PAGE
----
<p>Sure. Each grad school has its own rules, but undergrads can quite freely enroll in courses at the K school. I took a fantastic seminar there as a senior, and there were freshmen in the class as well. You can pretty much just look at the course listing and sign up for what you want. Courses can fill up, but that can happen in the college, too, and you can always go to the professor and ask him/her to make room. Harvard</a> Kennedy School - 2009-2010 Course Listing</p>

<p>The K school also has amazing speakers come to campus virtually every day, and undergrads are typically welcome to attend those events. The Institute of Politics is a big part of undergrad life for interested students: Harvard</a> University Institute of Politics</p>

<p>It's not possible to go wrong with either of them. Both of these schools are the absolute best.</p>

<p>In my opinion, Princeton is better for undergraduates. Higher endowment per capita + more undergraduate focus. It's also located between New York City and Philadelphia.</p>

<p>ok just got harvards acceptance package. much better. fa info was clearer, other info was clearer and very thorough as well. point for harvard.</p>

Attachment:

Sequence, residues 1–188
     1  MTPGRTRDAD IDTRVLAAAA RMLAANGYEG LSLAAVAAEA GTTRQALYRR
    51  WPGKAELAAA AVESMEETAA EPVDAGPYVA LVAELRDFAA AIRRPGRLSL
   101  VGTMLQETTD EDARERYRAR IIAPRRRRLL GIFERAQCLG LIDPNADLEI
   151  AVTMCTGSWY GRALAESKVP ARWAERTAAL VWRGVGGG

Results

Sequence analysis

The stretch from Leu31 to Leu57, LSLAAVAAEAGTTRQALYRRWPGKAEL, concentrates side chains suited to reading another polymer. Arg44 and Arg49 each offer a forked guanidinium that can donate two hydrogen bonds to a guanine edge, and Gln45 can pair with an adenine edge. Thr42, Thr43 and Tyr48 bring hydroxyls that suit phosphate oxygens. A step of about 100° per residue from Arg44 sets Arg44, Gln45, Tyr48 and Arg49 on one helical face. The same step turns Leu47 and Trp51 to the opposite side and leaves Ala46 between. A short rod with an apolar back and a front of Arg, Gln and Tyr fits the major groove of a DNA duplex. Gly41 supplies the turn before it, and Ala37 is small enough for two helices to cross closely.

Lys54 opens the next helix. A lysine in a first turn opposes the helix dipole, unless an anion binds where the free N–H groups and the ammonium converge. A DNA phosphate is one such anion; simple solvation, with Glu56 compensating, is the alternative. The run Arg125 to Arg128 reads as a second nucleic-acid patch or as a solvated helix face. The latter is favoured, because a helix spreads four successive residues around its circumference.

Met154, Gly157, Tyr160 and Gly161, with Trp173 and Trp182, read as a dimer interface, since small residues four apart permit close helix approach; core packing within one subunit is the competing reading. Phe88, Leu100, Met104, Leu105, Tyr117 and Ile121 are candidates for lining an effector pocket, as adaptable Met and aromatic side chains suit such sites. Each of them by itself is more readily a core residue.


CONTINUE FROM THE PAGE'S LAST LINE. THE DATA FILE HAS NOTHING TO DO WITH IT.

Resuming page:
<p>Not only are undergraduates welcome to attend the (incredible) speeches at the Institute of Politics, they help run it!</p>

<p>(+ @Saugus - No one is saying Princeton is in the middle of nowhere - just that its campus is very suburban, not urban.)</p>

<p>I hate this predicament. If it were only based on undergraduate experience and education, I would definitely choose Princeton without even thinking. I would, however, prefer being in Boston to being in Jersey.</p>

<p>which do you think provides its undergrads with more opportunities?</p>

<p>Location has everything to do with "undergraduate experience" IMHO. Talk to grads of Columbia, or Dartmouth, and chances are they think that the location of their school played a huge role in their experience.</p>